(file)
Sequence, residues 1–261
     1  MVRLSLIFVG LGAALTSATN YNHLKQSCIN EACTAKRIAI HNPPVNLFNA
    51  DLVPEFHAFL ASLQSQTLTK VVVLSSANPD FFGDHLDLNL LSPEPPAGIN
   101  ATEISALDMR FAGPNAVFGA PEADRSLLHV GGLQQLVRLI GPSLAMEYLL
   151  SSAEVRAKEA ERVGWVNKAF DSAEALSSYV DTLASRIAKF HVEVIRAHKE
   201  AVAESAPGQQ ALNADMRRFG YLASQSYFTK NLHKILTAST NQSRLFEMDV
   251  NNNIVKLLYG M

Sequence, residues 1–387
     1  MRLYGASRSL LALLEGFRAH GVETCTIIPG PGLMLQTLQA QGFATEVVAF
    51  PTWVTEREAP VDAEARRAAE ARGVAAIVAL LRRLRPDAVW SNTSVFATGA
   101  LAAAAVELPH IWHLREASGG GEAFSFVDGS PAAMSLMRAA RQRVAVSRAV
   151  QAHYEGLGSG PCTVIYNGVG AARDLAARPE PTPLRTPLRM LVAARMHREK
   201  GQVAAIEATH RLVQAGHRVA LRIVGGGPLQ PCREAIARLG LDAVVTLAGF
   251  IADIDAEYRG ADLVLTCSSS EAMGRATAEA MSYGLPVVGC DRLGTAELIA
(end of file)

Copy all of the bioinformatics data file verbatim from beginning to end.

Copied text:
Sequence, residues 1–261
     1  MVRLSLIFVG LGAALTSATN YNHLKQSCIN EACTAKRIAI HNPPVNLFNA
    51  DLVPEFHAFL ASLQSQTLTK VVVLSSANPD FFGDHLDLNL LSPEPPAGIN
   101  ATEISALDMR FAGPNAVFGA PEADRSLLHV GGLQQLVRLI GPSLAMEYLL
   151  SSAEVRAKEA ERVGWVNKAF DSAEALSSYV DTLASRIAKF HVEVIRAHKE
   201  AVAESAPGQQ ALNADMRRFG YLASQSYFTK NLHKILTAST NQSRLFEMDV
   251  NNNIVKLLYG M

Sequence, residues 1–387
     1  MRLYGASRSL LALLEGFRAH GVETCTIIPG PGLMLQTLQA QGFATEVVAF
    51  PTWVTEREAP VDAEARRAAE ARGVAAIVAL LRRLRPDAVW SNTSVFATGA
   101  LAAAAVELPH IWHLREASGG GEAFSFVDGS PAAMSLMRAA RQRVAVSRAV
   151  QAHYEGLGSG PCTVIYNGVG AARDLAARPE PTPLRTPLRM LVAARMHREK
   201  GQVAAIEATH RLVQAGHRVA LRIVGGGPLQ PCREAIARLG LDAVVTLAGF
   251  IADIDAEYRG ADLVLTCSSS EAMGRATAEA MSYGLPVVGC DRLGTAELIA